I remember the day that I first saw you on the ultrasound. Being our third child, we didn’t want to be surprised about whether you would be our son or our daughter. However, you had your own ideas as you kept your tiny little legs clamped together the entire ultrasound. Your Grandma commented that your profile in the ultrasound photo looked just like your brother J, more like your Dad’s side of the family. We would find out much too soon that she was right.
Even though we couldn’t be sure from that one test that you were a little girl, I knew. I knew you were going to be my Hannah from the moment that I knew about your existence.
I remember one night while working, your normally tiny little flutter became one giant kick. I actually grabbed my stomach and commented about you letting me know that you were there. I didn’t know at the time that it would be the last time that I felt you move. I believe now that you were saying goodbye.
Later that night, I felt that something was not quite right. It wasn’t anything physical with me, just a feeling about you. Since I worked on a labor and delivery unit, we listened for your heartbeat. They reassured me that you were still so very small and it was nothing to worry about when we didn’t hear your heartbeat. I wanted to believe them. But, I knew.
A couple days later, I went to my normal appointment. The girls at work had already warned my doctor. He asked me why I didn’t talk to him sooner. At 22 weeks, what could he have done? I was in denial and waiting allowed me to hold onto you for a bit longer.
He sent me to the hospital for another ultrasound. She excused herself from the room. My worst fears were quietly confirmed in that moment. Dr. L burst into the room a few moments later. He grabbed ahold of me and told me how sorry that he was. I was crushed. Truthfully, I still am!
I was admitted to labor and delivery to be induced. The girls that I worked with took care of me. Our pastor came to see me. The medication made me very sick. At some points, I became delirious. Your Dad even had to carry me to the bathroom a few times. He witnessed me at my worst.
But, I always knew that God was with me. I remember during the labor that I looked to the doorway and saw my friend and her sister in law standing in the doorway holding hands. They were surrounded by bright white light. Later, I would learn that they did not visit but they had prayed for me.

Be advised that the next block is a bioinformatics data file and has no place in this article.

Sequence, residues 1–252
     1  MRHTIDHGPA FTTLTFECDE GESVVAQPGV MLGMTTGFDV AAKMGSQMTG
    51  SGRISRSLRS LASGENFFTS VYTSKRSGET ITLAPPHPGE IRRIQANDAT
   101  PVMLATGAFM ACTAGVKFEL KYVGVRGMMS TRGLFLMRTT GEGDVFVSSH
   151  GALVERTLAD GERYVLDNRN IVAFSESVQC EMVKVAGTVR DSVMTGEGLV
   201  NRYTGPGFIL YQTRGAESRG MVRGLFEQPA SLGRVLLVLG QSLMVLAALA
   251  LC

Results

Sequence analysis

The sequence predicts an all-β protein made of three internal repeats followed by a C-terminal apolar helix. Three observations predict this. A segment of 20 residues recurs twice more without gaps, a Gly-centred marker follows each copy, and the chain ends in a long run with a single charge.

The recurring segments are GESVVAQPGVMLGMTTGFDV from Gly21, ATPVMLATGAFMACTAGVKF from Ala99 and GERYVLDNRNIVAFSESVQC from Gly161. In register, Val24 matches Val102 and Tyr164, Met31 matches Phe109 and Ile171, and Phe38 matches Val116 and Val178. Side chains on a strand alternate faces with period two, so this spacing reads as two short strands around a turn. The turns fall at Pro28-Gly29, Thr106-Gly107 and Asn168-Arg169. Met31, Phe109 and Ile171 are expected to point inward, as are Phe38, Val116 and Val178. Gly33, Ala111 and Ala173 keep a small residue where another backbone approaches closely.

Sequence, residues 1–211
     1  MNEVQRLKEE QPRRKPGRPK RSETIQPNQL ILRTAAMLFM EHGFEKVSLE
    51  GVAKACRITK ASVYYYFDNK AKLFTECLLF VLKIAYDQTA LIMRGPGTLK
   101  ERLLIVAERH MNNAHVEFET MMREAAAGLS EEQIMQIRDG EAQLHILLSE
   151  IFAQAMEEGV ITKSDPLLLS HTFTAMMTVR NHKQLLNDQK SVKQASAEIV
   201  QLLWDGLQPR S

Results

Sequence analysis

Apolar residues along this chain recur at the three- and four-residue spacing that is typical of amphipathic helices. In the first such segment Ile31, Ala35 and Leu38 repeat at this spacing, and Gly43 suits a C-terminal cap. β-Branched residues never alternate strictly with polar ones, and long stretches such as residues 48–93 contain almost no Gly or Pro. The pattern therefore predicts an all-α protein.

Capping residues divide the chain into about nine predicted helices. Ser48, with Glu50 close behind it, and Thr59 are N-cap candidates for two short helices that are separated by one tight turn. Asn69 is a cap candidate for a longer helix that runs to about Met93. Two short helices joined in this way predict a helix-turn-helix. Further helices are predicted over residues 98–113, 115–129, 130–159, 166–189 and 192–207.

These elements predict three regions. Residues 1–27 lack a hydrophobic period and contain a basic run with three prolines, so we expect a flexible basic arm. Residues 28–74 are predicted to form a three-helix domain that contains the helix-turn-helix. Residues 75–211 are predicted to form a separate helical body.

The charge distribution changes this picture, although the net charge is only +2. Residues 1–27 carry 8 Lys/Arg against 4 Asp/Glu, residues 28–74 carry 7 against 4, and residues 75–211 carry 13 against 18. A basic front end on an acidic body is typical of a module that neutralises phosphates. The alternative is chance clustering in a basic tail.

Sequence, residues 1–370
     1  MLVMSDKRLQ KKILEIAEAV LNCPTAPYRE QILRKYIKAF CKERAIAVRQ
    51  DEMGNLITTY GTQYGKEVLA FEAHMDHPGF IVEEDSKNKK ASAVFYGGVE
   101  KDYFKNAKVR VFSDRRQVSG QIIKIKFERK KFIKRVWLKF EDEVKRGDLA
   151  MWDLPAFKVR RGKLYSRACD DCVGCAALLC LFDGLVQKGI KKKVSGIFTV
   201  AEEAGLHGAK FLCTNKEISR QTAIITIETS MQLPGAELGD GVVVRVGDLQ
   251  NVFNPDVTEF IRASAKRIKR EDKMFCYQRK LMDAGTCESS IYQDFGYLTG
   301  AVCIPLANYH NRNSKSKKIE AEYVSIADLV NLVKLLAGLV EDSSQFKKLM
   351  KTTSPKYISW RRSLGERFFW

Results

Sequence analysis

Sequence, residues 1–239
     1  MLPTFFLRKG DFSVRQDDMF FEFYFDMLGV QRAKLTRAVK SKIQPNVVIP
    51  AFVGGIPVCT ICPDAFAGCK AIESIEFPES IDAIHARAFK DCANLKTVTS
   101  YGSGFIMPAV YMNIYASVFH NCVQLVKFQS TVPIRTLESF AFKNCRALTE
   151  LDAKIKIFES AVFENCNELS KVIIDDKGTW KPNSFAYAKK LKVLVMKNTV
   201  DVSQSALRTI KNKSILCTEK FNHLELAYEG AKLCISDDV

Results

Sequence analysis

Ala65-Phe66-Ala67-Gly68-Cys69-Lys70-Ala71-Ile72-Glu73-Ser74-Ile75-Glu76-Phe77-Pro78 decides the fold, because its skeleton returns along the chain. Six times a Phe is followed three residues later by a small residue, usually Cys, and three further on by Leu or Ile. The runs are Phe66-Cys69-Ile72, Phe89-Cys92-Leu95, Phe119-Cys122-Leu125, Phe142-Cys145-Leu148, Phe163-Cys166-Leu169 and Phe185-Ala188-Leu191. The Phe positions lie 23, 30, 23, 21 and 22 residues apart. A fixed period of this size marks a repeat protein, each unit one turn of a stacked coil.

You came into this world with your amniotic sac intact. Grandma kept me from seeing when they cut the sac open and you emerged. They announced what I already knew, “it’s a girl.” The nurse, my friend, told me that you looked like your brother, J. Dr. L noted 3 kinks in your cord where you had twisted around. One looked as if someone had actually placed a hemostat on it. They hadn’t.
After they took care of business … weighed you, measured you, foot printed you & took your photo, I held you. You were so tiny. Your skin was so fragile and dark. Someone took our photo as a family. Those photos became lost at the hospital. Your hair was just fuzz, so we couldn’t take a keepsake lock.
Since you fell below the weight where you had to be buried, my doctor offered to “take care of you” for us. I was in shock and let your father decide. I regret that. I cannot get the vision of you floating in a white bucket in formaldehyde out of my mind. But, to be honest, I am not sure the vision of you nestled in a tiny coffin underground would be any better. And when we left Texas, I would have had to leave you behind.
Once we went home from the hospital, we tried to go back to normal … for your brother’s sake. But, nothing ever goes back to normal after losing your baby. Nothing!
** I have combined two posts today into one. My last day for the Black and White Photo 5 Day Challenge AND today’s assignment for the Writing 101 class on Blogging U.
Today’s Prompt: Write about a loss: something (or someone) that was part of your life, and isn’t any more.
Today’s twist: Make today’s post the first in a three-post series.
Part Two Coming Soon!